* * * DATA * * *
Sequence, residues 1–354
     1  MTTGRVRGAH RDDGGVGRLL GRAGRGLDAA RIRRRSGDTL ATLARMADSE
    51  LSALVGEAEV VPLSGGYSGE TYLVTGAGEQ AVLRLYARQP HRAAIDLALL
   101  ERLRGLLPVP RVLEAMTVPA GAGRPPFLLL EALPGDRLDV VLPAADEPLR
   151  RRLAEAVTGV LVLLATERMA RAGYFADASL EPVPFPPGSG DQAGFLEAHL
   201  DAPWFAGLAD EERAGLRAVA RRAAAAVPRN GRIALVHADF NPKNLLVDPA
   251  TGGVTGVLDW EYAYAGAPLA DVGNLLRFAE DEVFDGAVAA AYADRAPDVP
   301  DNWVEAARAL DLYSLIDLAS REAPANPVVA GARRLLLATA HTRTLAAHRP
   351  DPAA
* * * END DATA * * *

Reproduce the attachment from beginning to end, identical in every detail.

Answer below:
Sequence, residues 1–354
     1  MTTGRVRGAH RDDGGVGRLL GRAGRGLDAA RIRRRSGDTL ATLARMADSE
    51  LSALVGEAEV VPLSGGYSGE TYLVTGAGEQ AVLRLYARQP HRAAIDLALL
   101  ERLRGLLPVP RVLEAMTVPA GAGRPPFLLL EALPGDRLDV VLPAADEPLR
   151  RRLAEAVTGV LVLLATERMA RAGYFADASL EPVPFPPGSG DQAGFLEAHL
   201  DAPWFAGLAD EERAGLRAVA RRAAAAVPRN GRIALVHADF NPKNLLVDPA
   251  TGGVTGVLDW EYAYAGAPLA DVGNLLRFAE DEVFDGAVAA AYADRAPDVP
   301  DNWVEAARAL DLYSLIDLAS REAPANPVVA GARRLLLATA HTRTLAAHRP
   351  DPAA